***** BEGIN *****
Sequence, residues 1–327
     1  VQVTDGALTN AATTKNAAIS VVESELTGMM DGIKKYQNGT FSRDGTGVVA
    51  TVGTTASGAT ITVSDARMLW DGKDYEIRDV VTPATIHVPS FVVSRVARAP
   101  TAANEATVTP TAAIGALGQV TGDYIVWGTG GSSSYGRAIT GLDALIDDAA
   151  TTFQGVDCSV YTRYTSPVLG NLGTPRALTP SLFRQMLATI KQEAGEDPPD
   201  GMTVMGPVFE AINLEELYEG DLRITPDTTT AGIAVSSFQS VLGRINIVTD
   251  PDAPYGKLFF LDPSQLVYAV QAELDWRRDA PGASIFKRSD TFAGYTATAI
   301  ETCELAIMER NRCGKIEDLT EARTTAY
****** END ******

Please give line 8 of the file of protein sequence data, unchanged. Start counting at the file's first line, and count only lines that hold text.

   301  ETCELAIMER NRCGKIEDLT EARTTAY